Document Sample

Name: Date: Moment of Inertia PreLab Instructions: Provide correct answers to the following questions. Complete this PreLab and turn it in to your lab instructor upon arrival in lab. Review the Glossary in the Student Lab Handbook for important terms associated with this lab. 1) State the theoretical moments of inertia for a dumbbell, a cylindrical ring, and a disk rotated around their centers of mass. Idumbbell = Iring = Idisk = 2) State the parallel axis theorem for moments of inertia. 3) Consider a disk that is free to spin about a horizontal axis attached to a weighted string (see figure). The string is wrapped around the outer rim of the disk and connected to a weight of mass m suspended over the edge of the level surface with a pulley. The disk has a moment of inertia I, and a radius R. The force of tension, T, arising from the disk, opposes the acceleration of the suspended weight. On the basis of Newton’s second law one can conclude that T mg ma where a is the acceleration of the entire system. Given this relationship and assuming the definitions of torque, = TR, angular acceleration, , the relationship between them, = I, and the relationship between linear acceleration and angular acceleration, a = R, show that the moment of inertia of the disk can be found using the following relationship: g I mR2 1 a Name: Date: Moment of Inertia Lab Guidelines Objectives: As a result of this lab, the student will: Demonstrate a conceptual understanding of the phrase “moment of inertia.” Find the relationship between the moment of inertia and the amount of mass in a dumbbell system. Find the relationship between the moment of inertia and the distribution of mass in a dumbbell system. Verify the moment of inertia for a cylindrical ring with interior and exterior radii of R1 and R2 rotated about its central axis. Task 1. Demonstrate a conceptual understanding of the phrase “moment of inertia.” a. The moment of inertia is to rotational motion as mass is to linear motion. In a linear system, the mass can be thought of as a “measure of resistance to linear acceleration.” In a rotational system, the moment of inertia can be thought of as a “measure of resistance to rotational acceleration.” The parallels between the force and torque relationships are clearly evident: F ma and I . As force is responsible for linear acceleration, so torque is responsible for angular acceleration. b. Conduct a qualitative controlled experiment to determine the affect of the amount of mass at a fixed distance on the perceived moment of inertia of a weighted meter stick. Hold the meter stick at the 50cm position, and quickly rotate the meter stick back and forth with changing amounts of mass located at the same position each time. Note any changes in the resistance to rotational acceleration. Q1. How does the amount of mass affect the perceived moment of inertia in this system? b. Conduct another qualitative controlled experiment to determine the affect of the location of mass on the perceived moment of inertia. Use the same amount of mass each time. Again, hold the meter stick at the 50cm position, and quickly rotate the meter stick back and forth with changing mass distribution. Note any changing resistance to rotational acceleration. Q2. How does the location of mass affect the perceived moment of inertia in this system? Q3. Given the above system of meter stick and masses, what other pertinent variable(s) beside mass and location of those masses exist that might affect the perceived moment of inertia? Task 2. Predict the dependence of moment of inertia on the amount and location of mass. a. From the first task, it should be clearly evident that the moment of inertia of two equal units of mass placed at an equal distance from the axis of gyration is a function of both the total mass, m, and the distance of the two masses, r, from the axis of gyration. That is, I = f(m, r). Perform a dimensional analysis to determine the expected form of this relationship. Keep in mind that because = I, the units of I should be those of /. Q4. How did you perform your dimensional analysis? Show all work. Task 3. Determine the moment of inertia of the test apparatus. a. In order to conduct this experiment, you’ll need to use PASCO’s rotary motion sensor and accessories along with DataStudio. Using the equation derived in the PreLab g I mR2 1 a experimentally determine the moment of inertia for the test apparatus. The test apparatus should consist of the base assembly, the three-wheel axel mechanism directly attached to it, and the black metal rod. Be certain to average the results of three or four test runs. Important Warnings: Be very careful in your use of the above equation; don’t confuse the mass of the suspended weight – m in the above equation – with the mass of the weights added to the rotational motion sensor. Don’t confuse the radius arm – R in the above equation – with the radius of gyration of the masses added to the rotational motion sensor. Also, be certain to calibrate your rotational motion sensor so that the pulley wheel selected (radii of 5mm for small, 14.5mm for medium, and 24mm for large) is the same as the pulley about which you will wrap your string. Lastly, determine the linear acceleration of the falling weight, a, by taking the slope of a velocity-time graph. Direct measurements of acceleration have proven to be rather inaccurate using the provided rotational motion sensor. Q5. What is the moment of inertia of the specified test apparatus? Be certain to include units in your answer. b. This moment of inertia will have to be subtracted from the measured moments of inertia of any configurations of mass placed upon the test apparatus. Note that it will be taken for granted in this lab that moments of inertia about the same axis of gyration are additive. That is, the total moment of inertia of a system will be assumed to be the sum total of all individual moments of inertia. This has not been shown experimentally, but to do so would result in an excessively long lab activity. Task 4. For two equal masses placed equidistant from the axis of gyration, conduct a controlled experiment to determine how the location of mass affects the moment of inertia. a. Controlling for mass, perform an experiment using the test apparatus with two equal movable masses to determine what affect the distance of these masses from axis of gyration has upon the measured moment of inertia. Be certain to adjust the moment of inertia of your experimental system by the amount equal to the moment of inertia of the test apparatus. Make certain that both masses are equidistant from the axis of gyration at all times. Q6. Note that the masses on the rod are not point sources. From “where to where” does one correctly measure the distance used to derive this relationship? b. Create a graph of radius versus moment of inertia. If the graph is not linear, linearize the data so that you can use a linear form of regression. Give the linear regression a physical interpretation (e.g., Must the regression line pass through the origin? Adjust your best-fit relationship so that you end up with a physical interpretation of the data.). Label this graph Graph 1. Print the graph and include it with your lab report. Q7. Must the regression line pass through the origin? Why or why not? Q8. What is the nature of the dependence of the moment of inertia, I, on radius of gyration, r, in this system? (e.g., I r , I r 3 , I 1 r ) Task 5. Conduct a controlled experiment to determine how the amount of mass affects the moment of inertia. a. Controlling for radius of gyration, perform an experiment using the test apparatus with identical masses set atop the test apparatus to determine what affect the mass of these objects has upon the measured moment of inertia. Make certain that all masses are centered over the axis of gyration at all times. b. Use a variable stack of weights set atop the grey platter to perform this experiment. Be certain to re-determine the moment of inertia of the newly configured test apparatus, and adjust the moment of inertia of your experimental system by this amount. c. Create a graph of mass versus moment of inertia. If the graph is not linear, linearize the data so that you can use a linear form of regression. Give the linear regression a physical interpretation (e.g., Must the regression line pass through the origin? Adjust your best-fit relationship so that you end up with a physical interpretation of the data.). Label this graph Graph 2. Print the graph and include it with your lab report. Q9. Must the regression line pass through the origin? Why or why not? Q10. What is the nature of the dependence of the moment of inertia, I, on the total mass, M, of this system? (e.g., I m , I m 3, I 1 m ) d. It should be clear from the analysis that a series of “point” sources distributed in a variety of ways (disks, rings, rods, etc.) and the fact that moments of inertia about the same axis of gyration are additive, that a more complete definition of moment of inertia can be based upon the following formula: n I m r i i 2 i1 Task 6. Verify the moment of inertia for a ring. a. Integral calculus can be used to show that the moment of inertia of a cylinder of mass M (with inner radius R1 and outer radius R2) rotated about its central axis is given by the following relationship: 1 I 2 M ( R12 R2 ) 2 b. Predict and experimentally verify the moment of inertia for the cylindrical ring provided. Q11. What values did you get for theoretical an experimental values of the moment of inertia? Clearly distinguish your answers, one from the other. Include units. Q12. What is the percent difference between these two values? Show your calculation. Q13. What experimental error might account for the difference between these two values?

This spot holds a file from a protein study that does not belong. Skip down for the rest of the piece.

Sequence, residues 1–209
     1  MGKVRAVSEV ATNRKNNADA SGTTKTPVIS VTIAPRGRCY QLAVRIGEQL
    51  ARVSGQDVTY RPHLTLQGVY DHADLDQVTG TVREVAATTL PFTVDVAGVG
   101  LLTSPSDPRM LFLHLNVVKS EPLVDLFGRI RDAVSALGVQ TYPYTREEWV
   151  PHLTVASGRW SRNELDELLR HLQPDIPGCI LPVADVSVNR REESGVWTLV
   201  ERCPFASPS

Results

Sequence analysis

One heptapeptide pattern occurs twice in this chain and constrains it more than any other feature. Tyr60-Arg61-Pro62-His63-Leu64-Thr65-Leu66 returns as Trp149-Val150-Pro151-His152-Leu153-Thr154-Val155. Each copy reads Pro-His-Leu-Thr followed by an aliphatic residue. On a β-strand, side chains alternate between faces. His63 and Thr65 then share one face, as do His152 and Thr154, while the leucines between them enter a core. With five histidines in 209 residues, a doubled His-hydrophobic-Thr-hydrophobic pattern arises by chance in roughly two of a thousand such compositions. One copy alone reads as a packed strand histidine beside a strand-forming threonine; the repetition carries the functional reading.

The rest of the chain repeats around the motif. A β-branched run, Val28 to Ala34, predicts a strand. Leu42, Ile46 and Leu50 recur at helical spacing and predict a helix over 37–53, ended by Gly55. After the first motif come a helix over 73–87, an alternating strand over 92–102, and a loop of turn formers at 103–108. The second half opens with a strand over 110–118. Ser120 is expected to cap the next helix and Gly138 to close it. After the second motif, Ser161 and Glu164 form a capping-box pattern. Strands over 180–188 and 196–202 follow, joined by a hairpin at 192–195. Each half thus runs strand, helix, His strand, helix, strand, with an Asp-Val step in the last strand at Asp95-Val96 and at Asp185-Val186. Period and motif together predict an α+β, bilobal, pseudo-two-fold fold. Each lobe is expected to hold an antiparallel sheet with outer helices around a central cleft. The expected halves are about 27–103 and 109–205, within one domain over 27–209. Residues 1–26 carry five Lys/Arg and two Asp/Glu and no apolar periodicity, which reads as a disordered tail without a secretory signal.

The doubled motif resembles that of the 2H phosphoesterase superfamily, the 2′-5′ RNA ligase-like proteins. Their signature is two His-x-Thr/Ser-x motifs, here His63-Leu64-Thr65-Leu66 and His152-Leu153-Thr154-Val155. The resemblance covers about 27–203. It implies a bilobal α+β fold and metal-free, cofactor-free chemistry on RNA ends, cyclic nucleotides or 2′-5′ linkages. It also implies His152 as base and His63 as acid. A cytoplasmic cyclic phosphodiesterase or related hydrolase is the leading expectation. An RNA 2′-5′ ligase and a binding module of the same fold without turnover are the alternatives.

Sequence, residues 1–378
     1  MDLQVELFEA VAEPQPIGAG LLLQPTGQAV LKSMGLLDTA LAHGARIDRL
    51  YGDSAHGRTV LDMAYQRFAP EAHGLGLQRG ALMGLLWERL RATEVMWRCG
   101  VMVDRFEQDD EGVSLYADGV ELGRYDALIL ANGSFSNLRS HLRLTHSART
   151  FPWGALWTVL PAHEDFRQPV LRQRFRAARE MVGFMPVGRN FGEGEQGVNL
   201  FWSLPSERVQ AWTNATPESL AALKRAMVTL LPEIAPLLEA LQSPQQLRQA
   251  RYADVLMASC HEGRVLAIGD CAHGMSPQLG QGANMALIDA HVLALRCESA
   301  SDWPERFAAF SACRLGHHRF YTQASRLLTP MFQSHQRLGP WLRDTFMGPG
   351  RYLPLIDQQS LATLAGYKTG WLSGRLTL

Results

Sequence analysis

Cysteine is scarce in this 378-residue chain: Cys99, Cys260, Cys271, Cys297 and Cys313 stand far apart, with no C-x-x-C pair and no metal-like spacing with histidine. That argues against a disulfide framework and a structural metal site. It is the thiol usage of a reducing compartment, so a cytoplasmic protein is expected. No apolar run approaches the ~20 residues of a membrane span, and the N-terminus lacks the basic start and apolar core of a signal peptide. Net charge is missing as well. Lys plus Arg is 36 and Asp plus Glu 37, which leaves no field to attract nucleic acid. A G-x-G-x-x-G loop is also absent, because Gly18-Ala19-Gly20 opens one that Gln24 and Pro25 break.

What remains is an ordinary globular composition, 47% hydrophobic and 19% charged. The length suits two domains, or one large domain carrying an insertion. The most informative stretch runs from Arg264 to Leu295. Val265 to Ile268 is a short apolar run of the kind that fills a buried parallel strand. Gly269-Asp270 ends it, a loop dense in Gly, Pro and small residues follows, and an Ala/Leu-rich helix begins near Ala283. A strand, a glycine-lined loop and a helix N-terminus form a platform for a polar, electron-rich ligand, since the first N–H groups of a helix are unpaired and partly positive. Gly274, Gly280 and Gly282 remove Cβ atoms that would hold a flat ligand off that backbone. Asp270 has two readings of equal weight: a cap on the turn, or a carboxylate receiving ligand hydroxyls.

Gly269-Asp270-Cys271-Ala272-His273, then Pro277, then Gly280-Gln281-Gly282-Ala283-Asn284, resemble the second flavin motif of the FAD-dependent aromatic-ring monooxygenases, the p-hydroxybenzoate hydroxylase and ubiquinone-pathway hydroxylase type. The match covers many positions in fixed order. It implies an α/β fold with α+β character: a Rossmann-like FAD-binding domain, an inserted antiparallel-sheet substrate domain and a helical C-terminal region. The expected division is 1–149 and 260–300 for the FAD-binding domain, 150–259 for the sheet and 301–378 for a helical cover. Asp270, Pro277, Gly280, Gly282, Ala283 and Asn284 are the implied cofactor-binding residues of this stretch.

DOCUMENT INFO

Shared By:

Categories:

Stats:

views: | 47 |

posted: | 6/29/2010 |

language: | English |

pages: | 6 |

Description:
The Moment of Inertia stick

OTHER DOCS BY benbenzhou

How are you planning on using Docstoc?
BUSINESS
PERSONAL

By registering with docstoc.com you agree to our
privacy policy and
terms of service, and to receive content and offer notifications.

Docstoc is the premier online destination to start and grow small businesses. It hosts the best quality and widest selection of professional documents (over 20 million) and resources including expert videos, articles and productivity tools to make every small business better.

Search or Browse for any specific document or resource you need for your business. Or explore our curated resources for Starting a Business, Growing a Business or for Professional Development.

Feel free to Contact Us with any questions you might have.